In our view, Nebraska law recognizes the attachment of an interest in the right to proceeds of a sale of an FCC license when the licensee enters into a security agreement.2 There can be no dispute that if a licensee's right to the proceeds of a sale of a license is a property interest, it is a general intangible under Nebraska law. See Neb. Rev. St. U.C.C. § 9–102(42) (“ ‘General intangible’ means any personal property, including things in action, other than accounts, chattel paper, commercial tort claims, deposit accounts, documents, goods, instruments, investment property, letter-of-credit rights, letters of credit, money, and oil, gas, or other minerals before extraction. The term includes payment intangibles and software.”); MLQ Investors, 146 F.3d at 749 (“[W]e see no reason why the proceeds [of sales of FCC licenses] should not be considered ‘general intangibles,’ therefore subject to perfection prior to sale.”). The question raised by the bankruptcy court was whether the licensee's right to those proceeds was sufficiently nonspeculative to constitute a property right that would support attachment of a security interest in that right under Neb. Rev. St. U.C.C. § 9–203. Section 9–203(a) states that “[a] security interest attaches to collateral when it becomes enforceable against the debtor with respect to the collateral,” and § 9–203(b) states that “a security interest is enforceable against the debtor and third parties with respect to the collateral only if ․ (2) the debtor has rights in the collateral.” As we understand the bankruptcy court, it held that the licensee's right to the proceeds of a sale of a license before any agreement to purchase the license has been reached is not a sufficient interest to constitute “rights in the collateral.”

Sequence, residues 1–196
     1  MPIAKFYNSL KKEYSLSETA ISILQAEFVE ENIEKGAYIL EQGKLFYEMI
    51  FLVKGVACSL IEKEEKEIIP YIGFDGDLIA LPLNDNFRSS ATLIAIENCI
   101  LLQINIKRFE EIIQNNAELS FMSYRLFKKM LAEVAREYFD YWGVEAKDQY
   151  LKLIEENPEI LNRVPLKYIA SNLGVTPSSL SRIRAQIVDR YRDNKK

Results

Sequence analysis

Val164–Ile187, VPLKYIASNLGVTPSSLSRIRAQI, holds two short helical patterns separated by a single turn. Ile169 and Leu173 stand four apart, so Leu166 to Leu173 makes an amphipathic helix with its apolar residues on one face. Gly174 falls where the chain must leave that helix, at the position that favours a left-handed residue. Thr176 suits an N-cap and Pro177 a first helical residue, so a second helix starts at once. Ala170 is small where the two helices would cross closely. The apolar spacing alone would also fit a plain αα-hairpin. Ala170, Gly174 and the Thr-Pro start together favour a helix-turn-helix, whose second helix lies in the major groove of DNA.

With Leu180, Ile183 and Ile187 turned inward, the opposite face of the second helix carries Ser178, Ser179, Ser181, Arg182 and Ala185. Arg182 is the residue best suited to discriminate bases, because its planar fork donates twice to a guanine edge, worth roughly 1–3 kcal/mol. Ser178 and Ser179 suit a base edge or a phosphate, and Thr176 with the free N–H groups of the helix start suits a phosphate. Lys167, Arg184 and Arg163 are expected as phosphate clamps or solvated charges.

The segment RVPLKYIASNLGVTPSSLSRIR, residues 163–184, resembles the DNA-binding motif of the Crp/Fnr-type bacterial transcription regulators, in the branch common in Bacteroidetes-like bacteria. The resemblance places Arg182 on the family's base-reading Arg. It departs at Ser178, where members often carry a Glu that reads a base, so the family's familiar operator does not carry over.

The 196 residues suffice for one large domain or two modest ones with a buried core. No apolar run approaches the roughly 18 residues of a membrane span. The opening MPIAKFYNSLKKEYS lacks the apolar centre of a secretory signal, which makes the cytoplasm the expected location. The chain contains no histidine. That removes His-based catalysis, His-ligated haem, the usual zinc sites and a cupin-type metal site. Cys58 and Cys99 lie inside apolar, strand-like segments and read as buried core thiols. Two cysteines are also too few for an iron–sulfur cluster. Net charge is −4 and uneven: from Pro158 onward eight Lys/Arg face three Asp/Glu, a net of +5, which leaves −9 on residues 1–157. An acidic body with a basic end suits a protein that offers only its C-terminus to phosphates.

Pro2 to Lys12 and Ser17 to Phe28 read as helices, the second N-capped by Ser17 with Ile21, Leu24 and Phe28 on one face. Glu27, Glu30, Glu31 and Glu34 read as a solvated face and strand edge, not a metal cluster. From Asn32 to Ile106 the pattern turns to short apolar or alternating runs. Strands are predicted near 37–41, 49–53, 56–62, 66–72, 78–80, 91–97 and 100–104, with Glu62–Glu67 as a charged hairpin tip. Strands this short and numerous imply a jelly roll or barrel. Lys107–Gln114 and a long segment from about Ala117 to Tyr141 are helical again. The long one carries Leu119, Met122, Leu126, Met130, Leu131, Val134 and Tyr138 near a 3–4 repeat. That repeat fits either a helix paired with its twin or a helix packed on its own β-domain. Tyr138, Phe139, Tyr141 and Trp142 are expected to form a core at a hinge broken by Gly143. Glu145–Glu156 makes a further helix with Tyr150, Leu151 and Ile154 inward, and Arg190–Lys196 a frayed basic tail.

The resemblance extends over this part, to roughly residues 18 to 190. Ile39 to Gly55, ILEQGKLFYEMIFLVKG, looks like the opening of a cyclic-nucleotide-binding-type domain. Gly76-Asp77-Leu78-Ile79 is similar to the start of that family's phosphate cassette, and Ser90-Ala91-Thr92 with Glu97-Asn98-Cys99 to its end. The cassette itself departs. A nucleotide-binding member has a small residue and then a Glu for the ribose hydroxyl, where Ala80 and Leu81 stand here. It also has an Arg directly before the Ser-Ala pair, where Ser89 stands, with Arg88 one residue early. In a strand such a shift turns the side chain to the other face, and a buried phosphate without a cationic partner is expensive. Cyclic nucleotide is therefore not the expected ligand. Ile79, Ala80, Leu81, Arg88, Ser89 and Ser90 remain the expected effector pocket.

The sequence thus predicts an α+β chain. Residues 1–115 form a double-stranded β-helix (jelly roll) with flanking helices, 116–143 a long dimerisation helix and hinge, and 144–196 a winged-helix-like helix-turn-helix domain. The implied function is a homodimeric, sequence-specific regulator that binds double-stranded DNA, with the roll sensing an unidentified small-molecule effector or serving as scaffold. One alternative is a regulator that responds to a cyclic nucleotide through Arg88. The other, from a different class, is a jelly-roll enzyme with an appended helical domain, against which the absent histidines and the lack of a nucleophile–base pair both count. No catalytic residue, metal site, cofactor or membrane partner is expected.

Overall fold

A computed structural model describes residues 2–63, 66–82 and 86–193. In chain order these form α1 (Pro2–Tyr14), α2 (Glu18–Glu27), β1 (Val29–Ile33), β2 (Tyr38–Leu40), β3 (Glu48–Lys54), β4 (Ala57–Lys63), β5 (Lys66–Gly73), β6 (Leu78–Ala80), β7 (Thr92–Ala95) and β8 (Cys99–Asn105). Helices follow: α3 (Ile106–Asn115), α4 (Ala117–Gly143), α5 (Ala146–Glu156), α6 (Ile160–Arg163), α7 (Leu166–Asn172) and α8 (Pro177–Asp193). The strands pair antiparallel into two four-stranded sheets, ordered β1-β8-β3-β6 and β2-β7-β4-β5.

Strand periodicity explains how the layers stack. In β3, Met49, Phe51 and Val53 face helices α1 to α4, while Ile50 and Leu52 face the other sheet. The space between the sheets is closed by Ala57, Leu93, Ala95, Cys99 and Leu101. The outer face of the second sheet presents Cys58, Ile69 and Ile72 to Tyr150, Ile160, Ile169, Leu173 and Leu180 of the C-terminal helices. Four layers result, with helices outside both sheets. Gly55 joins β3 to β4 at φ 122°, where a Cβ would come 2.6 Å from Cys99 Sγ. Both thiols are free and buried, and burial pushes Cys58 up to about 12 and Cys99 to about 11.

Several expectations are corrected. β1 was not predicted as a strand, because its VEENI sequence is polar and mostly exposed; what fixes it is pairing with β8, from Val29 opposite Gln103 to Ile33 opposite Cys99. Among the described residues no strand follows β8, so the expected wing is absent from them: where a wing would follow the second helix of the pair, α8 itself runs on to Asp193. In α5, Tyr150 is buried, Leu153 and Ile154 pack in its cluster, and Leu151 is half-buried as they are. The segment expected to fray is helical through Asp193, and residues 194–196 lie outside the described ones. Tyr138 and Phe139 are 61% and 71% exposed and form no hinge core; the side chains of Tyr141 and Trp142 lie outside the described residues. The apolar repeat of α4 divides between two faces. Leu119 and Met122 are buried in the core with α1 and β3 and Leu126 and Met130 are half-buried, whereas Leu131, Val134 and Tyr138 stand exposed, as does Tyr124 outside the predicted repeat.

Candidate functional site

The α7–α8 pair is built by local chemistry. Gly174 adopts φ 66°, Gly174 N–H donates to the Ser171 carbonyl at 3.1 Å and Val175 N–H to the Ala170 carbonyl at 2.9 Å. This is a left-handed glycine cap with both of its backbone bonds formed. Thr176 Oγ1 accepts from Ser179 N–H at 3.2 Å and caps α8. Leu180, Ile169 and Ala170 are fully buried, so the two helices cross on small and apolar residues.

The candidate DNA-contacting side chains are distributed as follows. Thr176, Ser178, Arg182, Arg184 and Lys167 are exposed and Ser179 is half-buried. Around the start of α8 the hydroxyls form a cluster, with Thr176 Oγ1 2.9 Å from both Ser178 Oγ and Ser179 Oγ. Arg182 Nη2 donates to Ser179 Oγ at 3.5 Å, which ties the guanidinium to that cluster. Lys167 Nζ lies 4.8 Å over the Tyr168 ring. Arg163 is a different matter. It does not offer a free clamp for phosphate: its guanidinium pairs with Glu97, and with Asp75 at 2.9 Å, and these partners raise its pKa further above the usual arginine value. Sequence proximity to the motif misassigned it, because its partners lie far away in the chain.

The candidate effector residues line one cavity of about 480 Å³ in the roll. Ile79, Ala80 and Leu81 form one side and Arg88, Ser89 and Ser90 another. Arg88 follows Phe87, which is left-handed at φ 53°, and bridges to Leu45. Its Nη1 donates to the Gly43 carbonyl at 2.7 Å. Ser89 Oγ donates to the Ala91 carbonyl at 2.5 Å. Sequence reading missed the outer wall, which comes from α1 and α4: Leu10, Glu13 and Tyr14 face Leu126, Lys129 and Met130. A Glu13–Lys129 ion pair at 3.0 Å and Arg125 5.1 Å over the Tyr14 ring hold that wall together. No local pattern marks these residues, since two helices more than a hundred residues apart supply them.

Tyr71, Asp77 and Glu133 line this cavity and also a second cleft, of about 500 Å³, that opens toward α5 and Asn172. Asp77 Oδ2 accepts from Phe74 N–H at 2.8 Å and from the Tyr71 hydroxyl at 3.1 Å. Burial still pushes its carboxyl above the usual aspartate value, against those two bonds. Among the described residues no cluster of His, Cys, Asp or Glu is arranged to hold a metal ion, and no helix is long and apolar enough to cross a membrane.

In our view, commercial realities require a contrary holding. Recall that the FCC views the right to grant liens on the proceeds of the sale of a license as a means to improve licensees' access to capital. See Facilitating the Provision of Spectrum–Based Services, 69 Fed. Reg. 75,144, 75,151. If the security interest could not attach before there was a contract for the sale of the license, the interest would have little value, particularly when the sale results from financial problems of the licensee, the very circumstance for which a creditor desires protection. See MLQ Investors, 146 F.3d at 749. We can see no policy reason to prevent the attachment of a security interest in the right of the licensee (the right to proceeds of the license's sale) that may well be the licensee's best tool to obtain capital. The right to the proceeds of a potential sale of the license can be worth a great deal. In particular, its value as collateral is that the license can be sold for a tidy sum even if the licensee fails in the business. It is not a right too speculative to be an article of commerce.